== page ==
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Election guide for kids: Why is everyone talking about voting?

Tribune News Service logoTribune News Service 10/31/2020 By Gwendolyn Havern, iGeneration Youthe
a group of people that are talking to each other: A child and supporters listen as Democratic presidential nominee Joe Biden speaks during a drive-in campaign rally in the parking lot of Cellairis Ampitheatre on Oct. 27, 2020 in Atlanta, Georgia. © Drew Angerer/Getty Images North America/TNS A child and supporters listen as Democratic presidential nominee Joe Biden speaks during a drive-in campaign rally in the parking lot of Cellairis Ampitheatre on Oct. 27, 2020 in Atlanta, Georgia.

2020 is an exciting year. With the election coming up, people all over America are preparing to vote. You might hear talk of “parties,” “vice president” or “terms.” What is voting, though, and why do Americans vote?

Voting is pretty common. Think about when you’re about to go to dinner. Your parents might say “Pizza or burger?” Your family might then decide where to go based on what the majority, or most, vote for. A slice of pizza isn’t necessarily better than a burger, but it might still win because it’s cheaper, local or maybe you ate burgers last night.

Every four years, people of the United States from all backgrounds vote on the leader of our country. The candidates are mostly from two parties: Republican and Democratic. Parties are political groups that share the same values. This includes government officials as well as voters themselves. Voters elect candidates to represent them in government. In this year’s presidential race, Joe Biden represents the Democrats while President Donald Trump represents the Republicans.

Biden has served in government for decades He was Barack Obama’s vice president, and before that he served as senator from Delaware. Before becoming Delaware’s longest-serving senator, Biden attended the University of Delaware and was inspired by John F. Kennedy to pursue political science before becoming a lawyer. After college, Biden married Neilia Hunter. They had four kids: Hunter, Ashley, Beau and Naomi. Unfortunately, during an automobile incident in 1972, Neilia and his daughter Naomi died. Despite this, Biden continued working in public office and now seeks to be president.

a little boy that is holding a sign: A boy holds a sign in support of U.S. President Donald Trump during a Make America Great Again rally with Vice President Mike Pence at Greensboro International Airport, in Greensboro, North Carolina on Oct. 27, 2020. © GRANT BALDWIN/Getty Images North America/TNS A boy holds a sign in support of U.S. President Donald Trump during a Make America Great Again rally with Vice President Mike Pence at Greensboro International Airport, in Greensboro, North Carolina on Oct. 27, 2020.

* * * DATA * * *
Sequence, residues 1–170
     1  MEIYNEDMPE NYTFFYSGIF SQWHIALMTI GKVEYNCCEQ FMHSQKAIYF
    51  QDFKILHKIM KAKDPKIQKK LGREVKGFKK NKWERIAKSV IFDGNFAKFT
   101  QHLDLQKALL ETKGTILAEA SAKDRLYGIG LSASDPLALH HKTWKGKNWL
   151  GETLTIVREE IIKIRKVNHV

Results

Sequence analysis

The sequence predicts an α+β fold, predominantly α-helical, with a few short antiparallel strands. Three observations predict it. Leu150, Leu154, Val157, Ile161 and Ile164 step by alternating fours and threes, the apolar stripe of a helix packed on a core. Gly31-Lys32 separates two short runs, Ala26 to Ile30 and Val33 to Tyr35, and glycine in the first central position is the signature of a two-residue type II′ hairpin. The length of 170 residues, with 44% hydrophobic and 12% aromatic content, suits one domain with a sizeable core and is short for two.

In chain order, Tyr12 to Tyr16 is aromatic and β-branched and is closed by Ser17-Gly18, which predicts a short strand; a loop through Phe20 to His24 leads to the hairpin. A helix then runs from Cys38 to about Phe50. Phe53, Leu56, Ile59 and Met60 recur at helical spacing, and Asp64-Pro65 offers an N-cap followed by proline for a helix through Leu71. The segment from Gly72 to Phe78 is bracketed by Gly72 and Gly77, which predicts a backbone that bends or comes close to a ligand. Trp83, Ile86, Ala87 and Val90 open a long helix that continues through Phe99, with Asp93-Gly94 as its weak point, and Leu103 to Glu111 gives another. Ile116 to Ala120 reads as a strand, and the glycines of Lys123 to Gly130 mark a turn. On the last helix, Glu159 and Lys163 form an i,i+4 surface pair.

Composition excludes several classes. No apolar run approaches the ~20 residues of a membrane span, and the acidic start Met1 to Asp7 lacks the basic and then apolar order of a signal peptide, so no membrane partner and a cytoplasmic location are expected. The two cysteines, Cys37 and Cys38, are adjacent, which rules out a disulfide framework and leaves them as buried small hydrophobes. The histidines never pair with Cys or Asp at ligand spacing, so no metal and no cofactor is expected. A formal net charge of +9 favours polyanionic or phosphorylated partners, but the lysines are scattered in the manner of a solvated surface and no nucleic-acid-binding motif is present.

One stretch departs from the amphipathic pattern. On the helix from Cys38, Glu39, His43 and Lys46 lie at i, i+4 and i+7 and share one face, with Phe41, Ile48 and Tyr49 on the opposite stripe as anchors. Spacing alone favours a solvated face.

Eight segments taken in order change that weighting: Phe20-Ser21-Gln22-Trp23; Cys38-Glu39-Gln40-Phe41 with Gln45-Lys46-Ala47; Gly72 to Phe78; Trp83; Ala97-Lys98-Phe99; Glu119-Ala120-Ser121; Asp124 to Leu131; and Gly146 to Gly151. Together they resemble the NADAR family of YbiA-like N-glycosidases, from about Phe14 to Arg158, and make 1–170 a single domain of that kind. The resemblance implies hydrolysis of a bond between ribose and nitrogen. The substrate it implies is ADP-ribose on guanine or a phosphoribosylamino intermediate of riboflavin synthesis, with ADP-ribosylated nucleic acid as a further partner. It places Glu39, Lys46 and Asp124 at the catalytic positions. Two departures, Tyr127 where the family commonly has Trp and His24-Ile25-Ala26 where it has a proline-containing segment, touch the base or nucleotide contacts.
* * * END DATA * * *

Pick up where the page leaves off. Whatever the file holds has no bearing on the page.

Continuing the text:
His running mate is Kamala Harris. A running mate is the candidate’s pick for whom they want as their vice president if elected. Harris is a lawyer and a former prosecutor and state attorney general before becoming a senator from California in 2017. If elected, she would be the first woman to serve as vice president.

President Trump is the Republican nominee. Before 2016, he worked as a businessman, mostly handling beauty pageants, reality shows and his real estate company. In 2016, he was elected as the 45th U.S. president after beating former Secretary of State Hillary Clinton. Trump married his third wife, Melania, in 2005. He has five children: Donald Jr., Ivanka, Eric, Tiffany and Barron. His older children are an active part of his campaign, and all five and Melania are considered the “first family,” the name given to the active president’s immediate relatives.


Video: Early voters head to the polls (ABC News)

Trump’s vice president, Mike Pence, was formerly the governor of Indiana and in his early career served in the U.S. House of Representatives.

On Nov. 3, Americans will vote for either Biden or Trump, in the meantime both candidates campaign in various states, meeting with other members of their party and winning over voters (hopefully).

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ABOUT THE WRITER

Gwendolyn Havern is an iGeneration Youth reporter living in Pennsylvania, USA. Read more stories at igenerationyouth.com.

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©2020 Tribune Content Agency, LLC

Distributed by Tribune Content Agency, LLC.

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